Thursday, February 21, 2013

What I Will Miss (2): Snowplowing

Anywhere you find sand, whether at the beach, in a sandbox, in the backyard, or at the park, you will invariably find young boys playing with trucks. Actually, they are not playing, they are working. They are building roads, moving dirt, and digging holes. They are doing man stuff with man equipment. Bright yellow Caterpillar or John Deere trucks, graders, bulldozers and front-end loaders belching imaginary smoke work the sand until it is ready for civilization. These little guys approach their sand labor with the intensity of an Olympic athlete. There is work to be done!

Here on the Iron Range of northern Minnesota, the men never really grow up. Sure, their hands are calloused and their faces are weathered from being out in the elements, but somewhere along the line most of them made the decision that life is too short not do what you love. And they loved their sandbox and their trucks. So that's what they do. And they do it on a grand scale. The fortunate guys land a job at one of the open pit mines where they get to drive HUGE trucks like this one. You need to climb a ladder just to get to the door. You can move a lot of dirt with one of these!

Other guys work for the county where a major part of their job is maintaining roads. This means grading the gravel roads and snow plowing them in the winter.  When the forecast calls for snow they get a gleam in their eyes because they know that they will get to step into their plow trucks and spend hours pushing snow. One guy told me after church one day, "Pastor, there is nothing better than watching a big rooster-tail of snow coming off of the plow as you go down the road!"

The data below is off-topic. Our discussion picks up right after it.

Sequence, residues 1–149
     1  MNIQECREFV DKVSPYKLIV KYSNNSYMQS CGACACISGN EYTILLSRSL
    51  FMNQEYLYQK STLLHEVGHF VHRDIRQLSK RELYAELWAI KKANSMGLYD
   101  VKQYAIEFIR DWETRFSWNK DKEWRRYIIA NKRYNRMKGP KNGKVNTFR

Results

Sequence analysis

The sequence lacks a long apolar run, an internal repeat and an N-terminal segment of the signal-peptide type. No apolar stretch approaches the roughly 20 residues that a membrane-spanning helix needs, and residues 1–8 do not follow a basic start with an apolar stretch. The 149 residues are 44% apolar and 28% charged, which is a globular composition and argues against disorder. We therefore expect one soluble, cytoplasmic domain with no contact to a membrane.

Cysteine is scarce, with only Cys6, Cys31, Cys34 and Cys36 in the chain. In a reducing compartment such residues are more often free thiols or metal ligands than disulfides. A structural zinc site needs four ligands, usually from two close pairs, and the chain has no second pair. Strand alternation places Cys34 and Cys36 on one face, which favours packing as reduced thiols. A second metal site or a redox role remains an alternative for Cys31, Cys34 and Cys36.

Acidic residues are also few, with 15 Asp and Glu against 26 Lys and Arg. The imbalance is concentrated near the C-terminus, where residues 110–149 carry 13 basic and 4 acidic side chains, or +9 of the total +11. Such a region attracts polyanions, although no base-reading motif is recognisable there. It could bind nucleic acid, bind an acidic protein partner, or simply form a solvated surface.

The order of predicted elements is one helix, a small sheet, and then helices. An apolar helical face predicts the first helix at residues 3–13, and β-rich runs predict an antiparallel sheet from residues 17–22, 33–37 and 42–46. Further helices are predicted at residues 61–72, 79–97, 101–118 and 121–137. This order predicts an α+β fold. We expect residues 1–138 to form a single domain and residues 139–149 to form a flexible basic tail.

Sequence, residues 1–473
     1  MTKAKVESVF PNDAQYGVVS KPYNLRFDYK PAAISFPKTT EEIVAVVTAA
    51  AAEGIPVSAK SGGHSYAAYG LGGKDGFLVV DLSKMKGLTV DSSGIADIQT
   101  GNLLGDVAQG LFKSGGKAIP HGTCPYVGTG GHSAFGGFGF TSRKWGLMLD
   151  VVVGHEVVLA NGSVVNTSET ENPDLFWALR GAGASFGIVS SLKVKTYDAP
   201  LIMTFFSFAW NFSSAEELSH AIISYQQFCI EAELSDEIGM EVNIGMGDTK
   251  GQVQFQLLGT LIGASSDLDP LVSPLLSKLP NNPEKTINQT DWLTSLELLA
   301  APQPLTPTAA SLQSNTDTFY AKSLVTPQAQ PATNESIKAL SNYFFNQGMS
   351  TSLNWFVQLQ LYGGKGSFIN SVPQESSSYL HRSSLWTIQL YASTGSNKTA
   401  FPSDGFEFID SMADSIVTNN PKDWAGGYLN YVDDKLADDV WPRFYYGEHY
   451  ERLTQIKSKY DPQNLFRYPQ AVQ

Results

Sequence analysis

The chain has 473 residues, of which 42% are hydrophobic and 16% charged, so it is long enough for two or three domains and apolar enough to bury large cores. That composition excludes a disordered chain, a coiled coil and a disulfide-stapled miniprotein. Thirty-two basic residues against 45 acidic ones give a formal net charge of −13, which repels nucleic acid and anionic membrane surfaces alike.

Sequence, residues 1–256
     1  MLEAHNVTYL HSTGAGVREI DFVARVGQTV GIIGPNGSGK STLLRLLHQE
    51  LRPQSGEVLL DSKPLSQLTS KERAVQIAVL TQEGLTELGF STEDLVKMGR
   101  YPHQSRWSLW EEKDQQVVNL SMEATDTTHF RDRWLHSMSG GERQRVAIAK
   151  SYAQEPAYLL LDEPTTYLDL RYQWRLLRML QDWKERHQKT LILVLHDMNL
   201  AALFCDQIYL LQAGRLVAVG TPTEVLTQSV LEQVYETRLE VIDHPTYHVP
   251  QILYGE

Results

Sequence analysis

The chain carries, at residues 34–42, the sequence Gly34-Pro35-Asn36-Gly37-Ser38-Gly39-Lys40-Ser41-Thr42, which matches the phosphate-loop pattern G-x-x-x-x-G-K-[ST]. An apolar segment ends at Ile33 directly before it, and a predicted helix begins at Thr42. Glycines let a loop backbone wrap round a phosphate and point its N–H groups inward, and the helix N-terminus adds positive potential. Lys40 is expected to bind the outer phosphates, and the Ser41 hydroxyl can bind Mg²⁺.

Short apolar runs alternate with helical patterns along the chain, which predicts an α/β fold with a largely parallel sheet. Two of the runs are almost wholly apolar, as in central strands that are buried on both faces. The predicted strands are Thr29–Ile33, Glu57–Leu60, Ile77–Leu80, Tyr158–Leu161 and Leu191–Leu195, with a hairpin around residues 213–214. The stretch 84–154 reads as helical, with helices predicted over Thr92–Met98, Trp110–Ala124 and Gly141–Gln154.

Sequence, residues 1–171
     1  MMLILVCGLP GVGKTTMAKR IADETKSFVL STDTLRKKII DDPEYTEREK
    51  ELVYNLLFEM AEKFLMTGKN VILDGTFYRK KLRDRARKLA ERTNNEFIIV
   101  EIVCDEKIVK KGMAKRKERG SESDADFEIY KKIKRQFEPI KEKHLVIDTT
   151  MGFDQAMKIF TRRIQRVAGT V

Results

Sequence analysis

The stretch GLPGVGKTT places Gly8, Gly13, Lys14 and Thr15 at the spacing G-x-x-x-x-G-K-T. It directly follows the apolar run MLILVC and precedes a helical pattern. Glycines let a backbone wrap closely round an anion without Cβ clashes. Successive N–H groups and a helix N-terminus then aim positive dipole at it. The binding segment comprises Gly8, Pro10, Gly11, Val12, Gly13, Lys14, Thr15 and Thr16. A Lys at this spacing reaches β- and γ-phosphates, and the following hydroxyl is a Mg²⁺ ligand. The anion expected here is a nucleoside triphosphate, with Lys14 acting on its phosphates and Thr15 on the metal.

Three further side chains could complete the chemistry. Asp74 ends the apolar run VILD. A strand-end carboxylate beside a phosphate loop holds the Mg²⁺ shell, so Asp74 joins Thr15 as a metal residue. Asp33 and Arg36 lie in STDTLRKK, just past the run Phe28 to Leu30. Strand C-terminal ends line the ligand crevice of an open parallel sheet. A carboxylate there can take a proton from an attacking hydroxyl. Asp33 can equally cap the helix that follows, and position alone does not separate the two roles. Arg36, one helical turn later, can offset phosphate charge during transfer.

One of my friends is a mild-mannered professor who teaches nursing at the local community college. After getting to know the Iron Range culture a little bit, it did not surprise me discover that he he owned a bobcat similar to the one at left. "Why do you need a bobcat?" I asked him one day. The look on his face said, "I have spent my lifetime teaching and just now have heard my first really stupid question." He patiently explained, "You use a bobcat to push stuff around, make trails in the woods, and move things. A guy has to have some fun, you know!"

I have also gotten into the act, but on the smallest scale possible: I have a plow for my four-wheeler. While is not nearly as macho as guys that get to drive the big trucks, there is something therapeutic about pushing the snow into piles and watching it fly off the blade of my plow. When there is snow in the forecast, I find myself hoping that there will be enough snow to warrant firing up the four-wheeler and spending an hour moving snow. Plowing is good for the soul.

Strasbourg doesn't get much snow. Even if they did get snow, I will be living in a two bedroom apartment with no four-wheeler. I am too old to go to the park and play with little trucks (except maybe when the grandkids come to visit!). I am sure that there will be days of that I dream of blizzards and plowing snow in the deep of a Minnesota winter.   

Karl moving snow.

I caused quite a stir one winter with this picture.

Our Minnesota home in winter.

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